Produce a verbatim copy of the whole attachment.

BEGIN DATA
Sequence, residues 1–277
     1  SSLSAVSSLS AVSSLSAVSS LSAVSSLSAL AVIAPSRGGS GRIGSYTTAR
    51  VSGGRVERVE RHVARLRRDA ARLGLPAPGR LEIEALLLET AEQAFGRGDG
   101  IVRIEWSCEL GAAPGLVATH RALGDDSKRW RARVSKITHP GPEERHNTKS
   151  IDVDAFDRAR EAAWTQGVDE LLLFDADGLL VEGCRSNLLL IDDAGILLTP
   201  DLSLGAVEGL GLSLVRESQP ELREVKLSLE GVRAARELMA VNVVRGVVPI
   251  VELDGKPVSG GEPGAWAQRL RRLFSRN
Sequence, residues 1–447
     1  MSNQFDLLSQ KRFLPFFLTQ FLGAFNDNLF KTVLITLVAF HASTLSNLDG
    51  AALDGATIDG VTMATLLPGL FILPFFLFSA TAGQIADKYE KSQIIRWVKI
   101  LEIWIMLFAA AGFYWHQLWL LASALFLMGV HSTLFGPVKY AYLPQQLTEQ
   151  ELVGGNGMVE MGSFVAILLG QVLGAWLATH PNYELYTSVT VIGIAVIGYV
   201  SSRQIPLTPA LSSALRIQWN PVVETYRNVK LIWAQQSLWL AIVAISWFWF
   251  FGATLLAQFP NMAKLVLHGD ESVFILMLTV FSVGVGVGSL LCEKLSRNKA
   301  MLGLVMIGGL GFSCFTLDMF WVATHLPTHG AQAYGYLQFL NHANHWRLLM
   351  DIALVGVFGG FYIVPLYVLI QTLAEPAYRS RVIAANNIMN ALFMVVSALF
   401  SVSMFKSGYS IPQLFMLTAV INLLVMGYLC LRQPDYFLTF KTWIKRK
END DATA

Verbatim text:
Sequence, residues 1–277
     1  SSLSAVSSLS AVSSLSAVSS LSAVSSLSAL AVIAPSRGGS GRIGSYTTAR
    51  VSGGRVERVE RHVARLRRDA ARLGLPAPGR LEIEALLLET AEQAFGRGDG
   101  IVRIEWSCEL GAAPGLVATH RALGDDSKRW RARVSKITHP GPEERHNTKS
   151  IDVDAFDRAR EAAWTQGVDE LLLFDADGLL VEGCRSNLLL IDDAGILLTP
   201  DLSLGAVEGL GLSLVRESQP ELREVKLSLE GVRAARELMA VNVVRGVVPI
   251  VELDGKPVSG GEPGAWAQRL RRLFSRN
Sequence, residues 1–447
     1  MSNQFDLLSQ KRFLPFFLTQ FLGAFNDNLF KTVLITLVAF HASTLSNLDG
    51  AALDGATIDG VTMATLLPGL FILPFFLFSA TAGQIADKYE KSQIIRWVKI
   101  LEIWIMLFAA AGFYWHQLWL LASALFLMGV HSTLFGPVKY AYLPQQLTEQ
   151  ELVGGNGMVE MGSFVAILLG QVLGAWLATH PNYELYTSVT VIGIAVIGYV
   201  SSRQIPLTPA LSSALRIQWN PVVETYRNVK LIWAQQSLWL AIVAISWFWF
   251  FGATLLAQFP NMAKLVLHGD ESVFILMLTV FSVGVGVGSL LCEKLSRNKA
   301  MLGLVMIGGL GFSCFTLDMF WVATHLPTHG AQAYGYLQFL NHANHWRLLM
   351  DIALVGVFGG FYIVPLYVLI QTLAEPAYRS RVIAANNIMN ALFMVVSALF
   401  SVSMFKSGYS IPQLFMLTAV INLLVMGYLC LRQPDYFLTF KTWIKRK